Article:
Table 16 Characteristics of the Occupants Assumed to Calculate the PMT

The furniture in the rooms and the beds, plus some electrical apparatus (especially in dental care or cardiology clinics) constitute the typical fire loads of such buildings. The fire load is estimated from values included in the database of the method. The fire growth category is generally low, as no flammable or vast amounts of combustible materials are present in such buildings (see the values in Table 17).

Table 17 Input Parameters of the Clinic Compartments, Where IPC Stands for Ignition Probability Category, FGC for Fire Growth Category, EL for Exposure Level, ALL for the Installed Alert system (as in Table 5) and PMT for the Pre-movement Time index

The Italian Fire Code requires that each health-care facility must adopt an alarm system that is capable of warning all the occupants in all the compartments and of starting the emergency procedures. For this purpose, a Public Address network system has to be installed in each space where occupants are present, and evacuation and alarm messages should be decided on according to the fire safety management procedures, in order to be adequate and easy to understand.

Most of the compartments investigated in the clinics were not provided with a PA system. In general, the fire alarm was found to be of a manual type, with switches to turn on a siren. Such a signal has been found to result in a slow response of the occupants to the fire alarm and to increase their pre-movement time to values that imply a non-adequate risk reduction. The occupant’s characteristics are listed as priority factors for each occupancy in bold in Table 16.

Lovreglio et al. [39], in their recent study on the decision–making process during pre-evacuation, focused on the behaviour of people involved in a fire emergency. They underlined how the pre-movement time, i.e., the sum of to + ti, is the critical component of RSET and that, even in a real emergency scenario, a correlation exists between this value and the number of deaths and injuries.

The same authors continued by stating that the literature has generally focused more on the movement phase than on the pre-movement phase and that, in many cases, evacuation models adopt simplistic assumptions about the occupants’ behaviour during pre-evacuation. The issue is considered and solved in FLAME through the pre-movement calculation proposed in [22]; nevertheless, this is a somewhat rough estimate, and behavioural modelling (like decision-making process modelling) is not present, as the prior aim was to build a quick tool for the evaluation of fire risks. However, further developments of FLAME could include such theories, in order to consider the occupants’ response time during fires more accurately.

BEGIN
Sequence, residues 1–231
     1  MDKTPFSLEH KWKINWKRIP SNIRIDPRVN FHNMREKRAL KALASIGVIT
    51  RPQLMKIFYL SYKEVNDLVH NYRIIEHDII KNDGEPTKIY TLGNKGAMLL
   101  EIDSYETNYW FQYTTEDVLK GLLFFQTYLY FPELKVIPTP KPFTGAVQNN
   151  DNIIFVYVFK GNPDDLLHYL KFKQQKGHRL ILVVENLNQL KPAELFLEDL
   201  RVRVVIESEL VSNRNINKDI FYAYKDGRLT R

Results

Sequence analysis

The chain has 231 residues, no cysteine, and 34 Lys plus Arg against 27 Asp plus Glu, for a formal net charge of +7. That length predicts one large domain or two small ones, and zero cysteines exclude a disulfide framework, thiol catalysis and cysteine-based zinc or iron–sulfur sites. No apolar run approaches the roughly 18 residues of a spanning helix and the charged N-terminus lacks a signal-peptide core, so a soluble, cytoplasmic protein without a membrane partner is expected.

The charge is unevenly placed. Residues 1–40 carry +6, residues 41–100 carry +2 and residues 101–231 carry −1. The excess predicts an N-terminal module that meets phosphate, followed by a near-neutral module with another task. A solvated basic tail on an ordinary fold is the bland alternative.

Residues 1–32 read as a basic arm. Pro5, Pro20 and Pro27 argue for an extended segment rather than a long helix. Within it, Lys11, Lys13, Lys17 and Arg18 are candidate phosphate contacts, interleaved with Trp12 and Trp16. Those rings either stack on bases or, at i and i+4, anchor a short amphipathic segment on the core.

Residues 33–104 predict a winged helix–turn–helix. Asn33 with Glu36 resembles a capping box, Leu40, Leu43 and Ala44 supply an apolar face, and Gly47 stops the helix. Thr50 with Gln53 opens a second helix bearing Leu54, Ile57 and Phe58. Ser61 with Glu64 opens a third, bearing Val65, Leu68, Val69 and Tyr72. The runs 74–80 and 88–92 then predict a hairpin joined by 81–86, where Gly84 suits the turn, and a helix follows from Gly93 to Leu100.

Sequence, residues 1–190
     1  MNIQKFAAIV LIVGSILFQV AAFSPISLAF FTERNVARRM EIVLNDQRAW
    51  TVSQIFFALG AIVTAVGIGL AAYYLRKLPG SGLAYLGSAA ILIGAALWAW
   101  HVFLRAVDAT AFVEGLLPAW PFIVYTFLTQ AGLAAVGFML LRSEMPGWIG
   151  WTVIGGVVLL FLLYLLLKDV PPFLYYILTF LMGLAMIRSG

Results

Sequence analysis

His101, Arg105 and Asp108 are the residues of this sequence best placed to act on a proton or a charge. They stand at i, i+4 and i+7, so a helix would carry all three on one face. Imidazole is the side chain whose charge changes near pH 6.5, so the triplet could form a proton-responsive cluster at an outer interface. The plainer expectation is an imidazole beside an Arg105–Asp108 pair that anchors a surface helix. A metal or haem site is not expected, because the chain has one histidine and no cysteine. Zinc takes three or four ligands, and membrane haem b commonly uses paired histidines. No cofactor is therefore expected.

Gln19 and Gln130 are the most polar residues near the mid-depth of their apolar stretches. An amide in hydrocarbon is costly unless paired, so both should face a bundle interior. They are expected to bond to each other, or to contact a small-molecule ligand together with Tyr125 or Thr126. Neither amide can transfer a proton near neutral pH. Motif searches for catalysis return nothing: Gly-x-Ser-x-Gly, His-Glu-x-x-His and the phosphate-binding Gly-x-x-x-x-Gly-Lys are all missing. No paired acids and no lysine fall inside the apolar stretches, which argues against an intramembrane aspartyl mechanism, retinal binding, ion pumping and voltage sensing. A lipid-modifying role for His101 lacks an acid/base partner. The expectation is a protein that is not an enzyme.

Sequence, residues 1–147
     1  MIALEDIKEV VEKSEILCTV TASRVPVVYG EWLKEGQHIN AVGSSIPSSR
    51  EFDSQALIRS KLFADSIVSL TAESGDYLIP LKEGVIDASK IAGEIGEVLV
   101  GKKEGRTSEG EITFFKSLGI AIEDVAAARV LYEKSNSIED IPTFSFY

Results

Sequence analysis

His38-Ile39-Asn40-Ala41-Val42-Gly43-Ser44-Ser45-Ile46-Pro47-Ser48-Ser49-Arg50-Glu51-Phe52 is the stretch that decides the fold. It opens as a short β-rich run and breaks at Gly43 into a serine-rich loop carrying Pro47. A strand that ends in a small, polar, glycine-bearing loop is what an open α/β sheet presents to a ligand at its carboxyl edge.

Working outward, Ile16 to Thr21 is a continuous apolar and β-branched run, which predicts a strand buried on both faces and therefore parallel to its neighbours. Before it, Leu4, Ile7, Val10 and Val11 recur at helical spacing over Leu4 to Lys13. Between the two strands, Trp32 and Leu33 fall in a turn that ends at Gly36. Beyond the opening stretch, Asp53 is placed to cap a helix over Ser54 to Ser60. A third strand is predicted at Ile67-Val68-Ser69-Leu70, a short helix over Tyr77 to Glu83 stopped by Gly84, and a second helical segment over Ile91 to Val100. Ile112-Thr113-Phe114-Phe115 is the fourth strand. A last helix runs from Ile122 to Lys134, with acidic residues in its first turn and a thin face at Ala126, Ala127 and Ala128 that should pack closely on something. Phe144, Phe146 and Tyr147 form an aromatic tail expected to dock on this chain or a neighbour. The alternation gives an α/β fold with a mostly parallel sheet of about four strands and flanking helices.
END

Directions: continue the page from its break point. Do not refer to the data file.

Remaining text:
The Multiplier factor, Rc, depends to a great extent on the occupants’ characteristics; a relevant difference in PMT is in fact obtained by varying one factor at a time (see Fig. 12). As a consequence, the time required by occupants to prepare to evacuate a building varies from 4.6 min to 23.1 min, when the Mobility Factor varies from 5 to 1 (the Mobility Factor was assumed as “priority in the calculations, see Sect. 2.1.3). Similar considerations hold if the Position Factor varies from 1 to 5, although, in this case, the lower effect on Rc (and consequently on PMT) is due to the normal weight assigned to the Position Factor.

Figure 12
figure 12

Effect of the Mobility and Position factor on the base-time multiplier, Rc, for clinics

The choice of the priority factors is critical for the risk assessment. People who are not familiar with the environment, may be present in a clinic, in consulting rooms, waiting halls or in pediatric/geriatric visiting rooms. The assumed value clearly depends on the compartment occupancy.

Some results of the risk assessment of visiting clinics are summarised in Table 18. It should be noted that, despite the very low ignition probability (IPC generally ranges from 0 to 1), several other factors contribute to increasing the risk level. The fire growth category is generally low, although it may be high in some specific compartments, such as warehouses. Nevertheless, most of the contribution to the risk level is from the high PMT, which is a direct consequence of poor detection and a lack of alarm systems. Hence, a modification of the alarm system could produce a significant decrease in the response time and an improvement in the risk level of a compartment. The risk is connected to the capacity of a fire to spread (which depends on the ignition probability and fire severity), and Table 18 therefore only applies in the case in which a fire scenario is not mitigated.

Table 18 The risk results for the clinic occupants. ORL stands for the occupants’ risk level, PCL for the protection category level, NA for Not Acceptable and A for Acceptable

The protection measures associated with this type of compartment, which generally consist of a manual alarm system, a hydrant network and the adopted fire safety management procedures, generally results in a PCL equal to the “base” category or to 1. Combining this with a Medium risk level leads to the acceptability of the fire safety system of many of the compartments being “Inadequate” (see Fig. 10 for the acceptability criteria).